9:15 p.m.
Gosford Park Altman once again assem-
bles a great cast but unlike "Dr. T and the
Women" this one is actually good.
Michigan Theater, 7:30 p.m.
In the Bedroom The story is so simple, and
some say the ending is predictable, but
the performances are so good that this
movie should not be missed. Even Nick
Stahl is good! Michigan Theater, 7:45 p.m.
The Lord of the Rings: The Fellowship of
the Ring The book says, "Keep it secret,
keep it safe." The movie has, "Is it
secret? Is it safe?" This adaption is
genius! State Theater, 7:30 p.m.
MUSIC
Lotus Volatile improvisational jazz. T.C.'s
Speakeasy, Ypsilanti, 10:30 p.m. $3 483-
4470.
Delta 88 Fold with a bit of western and a
liberal dose of soulfulness. The Ark, 316 S.
Main St., 8 p.m. $11761-1451.
Rumplestiltskin Old school Motown top 40
hits plus some new popular music as well.
Habitat Lounge, Weber's Inn 3050
Jackson Road 8:45 p.m. Free 665-3636.
THEATER

"Cherchez Dave Robicheaux" A comedy
about a woman named Nola on her quest
to find Dave Robicheaux, the fictional anti-
hero of a mystery novel series-and the
love of her life. 8 p.m. Performance
Network, 120 E. Huron. $18, general
admission. 663-0681.
ALTERNATIVES
"Local Color: Dan Bradt's Watercolors
from Michigan's Historical Scenes" This
exhibit featuresthe artist's paintings
based on photographs and postcards from
local main streets and railroad yards from
the Bentley archives. Bentley Historical
Library, 1150 Beal. Free. 764-3482.
"People and Places: The Baker Gift of
20th-Century Photography" In memory of
U-M School of Architecture grad Morris D.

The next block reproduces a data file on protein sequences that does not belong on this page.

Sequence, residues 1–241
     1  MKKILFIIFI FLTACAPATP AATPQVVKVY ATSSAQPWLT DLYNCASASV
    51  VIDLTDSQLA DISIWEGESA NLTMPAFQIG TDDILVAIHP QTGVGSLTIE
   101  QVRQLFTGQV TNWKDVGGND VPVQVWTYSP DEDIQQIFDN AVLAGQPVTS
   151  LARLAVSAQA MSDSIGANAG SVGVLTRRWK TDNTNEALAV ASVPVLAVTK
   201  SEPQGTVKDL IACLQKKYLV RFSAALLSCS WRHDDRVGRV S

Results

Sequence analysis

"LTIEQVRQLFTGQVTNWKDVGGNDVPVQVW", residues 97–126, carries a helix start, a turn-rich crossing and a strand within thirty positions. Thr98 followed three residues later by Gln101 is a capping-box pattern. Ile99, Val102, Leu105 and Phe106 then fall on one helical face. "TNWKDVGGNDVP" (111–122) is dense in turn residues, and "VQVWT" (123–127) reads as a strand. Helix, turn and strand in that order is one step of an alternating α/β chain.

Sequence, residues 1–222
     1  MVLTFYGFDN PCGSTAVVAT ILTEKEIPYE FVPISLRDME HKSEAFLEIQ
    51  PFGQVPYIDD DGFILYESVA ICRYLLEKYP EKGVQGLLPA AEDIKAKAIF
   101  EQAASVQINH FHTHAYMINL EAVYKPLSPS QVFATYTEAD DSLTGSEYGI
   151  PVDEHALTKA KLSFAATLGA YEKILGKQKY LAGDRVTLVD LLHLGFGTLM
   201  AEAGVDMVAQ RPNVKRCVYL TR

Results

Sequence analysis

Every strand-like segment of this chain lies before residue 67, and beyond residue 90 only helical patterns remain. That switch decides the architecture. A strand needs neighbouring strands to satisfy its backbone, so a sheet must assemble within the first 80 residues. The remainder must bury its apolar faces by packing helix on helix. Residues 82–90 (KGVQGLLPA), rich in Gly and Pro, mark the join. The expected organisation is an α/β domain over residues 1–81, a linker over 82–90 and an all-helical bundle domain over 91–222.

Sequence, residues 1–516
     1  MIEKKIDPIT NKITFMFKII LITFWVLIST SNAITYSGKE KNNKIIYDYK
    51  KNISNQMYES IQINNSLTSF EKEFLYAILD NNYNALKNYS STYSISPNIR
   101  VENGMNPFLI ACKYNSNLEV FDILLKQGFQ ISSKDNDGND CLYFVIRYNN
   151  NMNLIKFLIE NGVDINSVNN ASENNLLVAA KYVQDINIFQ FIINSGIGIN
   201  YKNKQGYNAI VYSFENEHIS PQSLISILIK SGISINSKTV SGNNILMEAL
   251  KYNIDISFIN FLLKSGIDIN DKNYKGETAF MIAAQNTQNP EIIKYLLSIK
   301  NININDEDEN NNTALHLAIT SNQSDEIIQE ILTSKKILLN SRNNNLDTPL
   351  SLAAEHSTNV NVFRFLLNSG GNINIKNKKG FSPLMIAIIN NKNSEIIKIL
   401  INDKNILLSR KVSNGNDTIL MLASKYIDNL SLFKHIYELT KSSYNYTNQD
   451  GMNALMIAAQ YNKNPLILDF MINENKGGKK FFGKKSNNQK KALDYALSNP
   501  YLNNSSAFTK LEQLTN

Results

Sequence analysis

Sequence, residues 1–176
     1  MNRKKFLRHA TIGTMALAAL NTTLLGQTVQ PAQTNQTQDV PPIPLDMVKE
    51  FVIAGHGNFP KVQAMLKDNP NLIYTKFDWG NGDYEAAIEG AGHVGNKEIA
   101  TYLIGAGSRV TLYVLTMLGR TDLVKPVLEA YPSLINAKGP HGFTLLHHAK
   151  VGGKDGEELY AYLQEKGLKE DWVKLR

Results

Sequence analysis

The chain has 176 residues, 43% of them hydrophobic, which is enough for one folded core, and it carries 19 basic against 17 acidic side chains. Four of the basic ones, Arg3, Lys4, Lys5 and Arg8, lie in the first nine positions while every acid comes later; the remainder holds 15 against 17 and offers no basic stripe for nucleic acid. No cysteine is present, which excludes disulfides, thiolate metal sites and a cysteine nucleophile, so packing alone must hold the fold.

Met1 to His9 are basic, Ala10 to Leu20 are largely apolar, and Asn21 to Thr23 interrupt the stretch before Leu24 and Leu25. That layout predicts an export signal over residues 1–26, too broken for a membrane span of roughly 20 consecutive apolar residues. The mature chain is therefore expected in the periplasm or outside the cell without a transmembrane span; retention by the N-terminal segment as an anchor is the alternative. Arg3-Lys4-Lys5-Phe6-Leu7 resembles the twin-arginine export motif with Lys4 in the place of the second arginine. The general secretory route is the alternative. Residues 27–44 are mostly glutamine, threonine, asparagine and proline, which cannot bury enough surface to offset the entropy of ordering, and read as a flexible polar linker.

Baker, this exhibit features images of peo-
ple and landscapes from various 20th cen-
tury artists. UMMA, 525 S. State. Free.
764-0395.
"A Matter of Degree: Abstraction In
Twentieth Century Art" This exhibit fea-
tures 20th century works from the
UMMA's permanent collection that focus-
es on abstraction in landscapes, objects
and figures. UMMA, 525 S. State. Free.
764-0395.
Fnday
CAMPUS CINEMA
Amelie See Thursday. State Theater, 7 &
9:15 p.m.
Gosford Park See Thursday. Michigan
Theater, 6:30 p.m.
In the Bedroom See Thursday. Michigan
Theater, 9:30 p.m.
The Lord of the Rings: The Fellowship of
the Ring See Thursday. State Theater, 6 &
9:30 p.m.
MUSIC
El the Sensel NYC MC gonna be off the
heezy fo' sheezy. The Blind Pig, 208S. 1st
St., 10 p.m. $1 ($14 under 21) 996-
8555.

Aaron Klein This upright bassist, vocalist
and guitarist makes songs for the lonely,
but it is ok if you bring a date. Zou Zou's,
Chelsea, 8 p.m. Free 433-4226.
Art Stephan No one can say it's not ART!
T.C.'s Speakeasy, Ypsilanti 6 p.m. Free
483-4470.
THEATER
"Cherchez Dave Robicheaux" See Thurs.
ALTERNATIVES
"Local Color: Dan Bradt's Watercolors
from Michigan Historical Scenes" See
Thurs.
"People and Places: The Baker Gift of
20th-Century Photography" See Thurs.